A new one year, fixed-term appointment will become available July 1st, 2005, for a suitably qualified Post-Doctoral Researcher to work with the University of Victoria's Text Analysis Portal for Research (TAPoR) Project, based in the Humanities Computing and Media Centre (HCMC) at the University of Victoria.

About TAPoR: TAPoR is building a unique human and computing infrastructure for text analysis across the country by establishing six regional centers (UMcMaster, UMontreal, UAlberta, UNew Brunswick, UToronto, and UVictoria) to form one national text analysis research portal. This portal will be a gateway to tools for sophisticated analysis and retrieval, along with representative texts for experimentation. The local centers will include text research laboratories with best-of-breed software and full-text servers that are coordinated into a vertical portal for the study of electronic texts. Each center will be integrated into its local research culture and, thus, some variation will exist from center to center.

TAPoR at the University of Victoria's HCMC has a multimedia laboratory and server infrastructure suitable for research into a variety of areas of Humanities Computing, including multimedia enrichment and acquisition, text representation and text analysis. UVic's newly appointed CRC Chair in Humanities Computing, and our resident computing experts, provide guidance and expertise to the 8+ TAPoR-related research projects currently under development. To learn more about UVic people and projects, see http://web.uvic.ca/hrd/tapor/index.htm.

Open Source SVG Editor

(Seen on Creative Commons Blog)


Inkscape is an open source drawing tool with capabilities similar to Illustrator, Freehand, and CorelDraw that uses the W3C standard scalable vector graphics format (SVG). Some supported SVG features include basic shapes, paths, text, markers, clones, alpha blending, transforms, gradients, and grouping. In addition, Inkscape supports Creative Commons meta-data, node-editing, layers, complex path operations, text-on-path, and SVG XML editing. It also imports several formats like EPS, Postscript, JPEG, PNG, BMP, and TIFF and exports PNG as well as multiple vector-based formats.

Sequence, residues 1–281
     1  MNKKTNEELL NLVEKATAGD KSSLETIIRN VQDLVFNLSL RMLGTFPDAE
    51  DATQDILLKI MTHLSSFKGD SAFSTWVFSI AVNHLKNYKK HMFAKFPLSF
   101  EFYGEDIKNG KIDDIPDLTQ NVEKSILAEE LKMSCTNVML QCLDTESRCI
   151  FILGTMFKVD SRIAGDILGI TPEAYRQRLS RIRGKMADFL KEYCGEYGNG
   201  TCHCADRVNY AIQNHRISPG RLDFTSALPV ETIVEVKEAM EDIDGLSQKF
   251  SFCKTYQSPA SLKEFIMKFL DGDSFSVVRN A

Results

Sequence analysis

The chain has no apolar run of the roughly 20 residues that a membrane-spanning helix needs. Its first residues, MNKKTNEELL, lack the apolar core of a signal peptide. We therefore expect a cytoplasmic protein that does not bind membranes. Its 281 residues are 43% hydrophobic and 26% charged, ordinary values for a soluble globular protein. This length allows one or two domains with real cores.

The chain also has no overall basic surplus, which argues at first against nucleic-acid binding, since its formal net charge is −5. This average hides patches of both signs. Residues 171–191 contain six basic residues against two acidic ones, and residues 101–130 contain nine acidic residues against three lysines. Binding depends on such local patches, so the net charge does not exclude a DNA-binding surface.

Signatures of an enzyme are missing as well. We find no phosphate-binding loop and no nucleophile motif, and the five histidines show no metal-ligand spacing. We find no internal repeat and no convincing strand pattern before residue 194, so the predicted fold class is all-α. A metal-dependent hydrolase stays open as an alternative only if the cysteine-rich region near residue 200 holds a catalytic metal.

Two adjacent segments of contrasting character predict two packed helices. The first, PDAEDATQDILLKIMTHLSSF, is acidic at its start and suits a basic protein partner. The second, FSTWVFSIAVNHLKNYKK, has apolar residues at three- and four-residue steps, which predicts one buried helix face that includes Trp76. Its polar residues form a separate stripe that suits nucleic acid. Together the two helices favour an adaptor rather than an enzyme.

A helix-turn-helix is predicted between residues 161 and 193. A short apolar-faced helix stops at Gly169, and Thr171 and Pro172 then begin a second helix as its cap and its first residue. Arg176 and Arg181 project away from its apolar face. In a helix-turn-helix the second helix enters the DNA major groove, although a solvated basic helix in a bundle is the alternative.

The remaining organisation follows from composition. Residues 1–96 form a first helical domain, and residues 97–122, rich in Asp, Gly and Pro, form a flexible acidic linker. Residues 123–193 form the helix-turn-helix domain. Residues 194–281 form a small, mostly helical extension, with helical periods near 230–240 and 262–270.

Inkscape's main motivation is to provide the Open Source community with a fully W3C compliant XML, SVG, and CSS2 drawing tool. Additional planned work includes conversion of the codebase from C/Gtk to C++/Gtkmm, emphasizing a lightweight core with powerful features added through an extension mechanism, and the establishment of a friendly, open, community-oriented development process.

Friday, June 10, 2005

Arts and Humanities Research Gets Technical

AHRC News & Press Releases

Researchers in the arts and humanities are set to get technical thanks to a new scheme from the Arts and Humanities Research Council (AHRC). Just under £1m is being awarded to support projects that will not only survey the ICT (Information and Communications Technology) activities and needs of arts and humanities researchers, but will also develop tools and resources specifically relevant to the AHRC's subject domains.

With increasing amounts of research carried out and disseminated online, it is ever more important to ensure that arts and humanities researchers have the same opportunities as academics working in the fields of science and technology. The AHRC's Strategic Initiative on ICT in Arts and Humanities research was developed in 2003 in a bid to improve these opportunities.

Monday, June 06, 2005

Bodley to digitise 1 000 000 books

From the Friends of the Bodleian news

After more than a year of discussions and negotiations, the University of Oxford has concluded a mass-digitisation agreement with Google, Inc., of Mountain View, California, which should lead, over the next three years in the first instance, to the digitisation of more than 1 million of the Bodleian Library's printed books, and their worldwide availability on the Internet, through Google's popular search services and the Oxford website.

Because of copyright restrictions and intellectual property issues, the agreement between Google and Oxford covers only 'public domain' materials (i.e. printed books for which the copyright has expired - principally, books published before 1920), and it will involve the establishment in Oxford, by Google, of a digital scanning and processing unit which, when fully operational, should be capable of producing as many as 10,000 electronic books per week.

The scanning operation will lead to the creation of two digital copies of each book: one for Google, and one for Oxford. The Google copy will be fully indexed and searchable through the Google search service, while the Oxford copy will be linked directly to the relevant catalogue record in the Oxford Libraries Information Service (OLIS). For Google, this will represent a major enhancement of the quality and range of the information discovered and presented by its Internet-based services. In Oxford, the addition of so many electronic books, from the University's own collections, to its web-based library resources will not only provide a major increment in library service for users, but will also represent a significant step forward in the long-term aims of the Oxford University Library Services (OULS) in developing a 'virtual library' based on its incomparable physical collections.

More: http://www.bodley.ox.ac.uk/news/news58.htm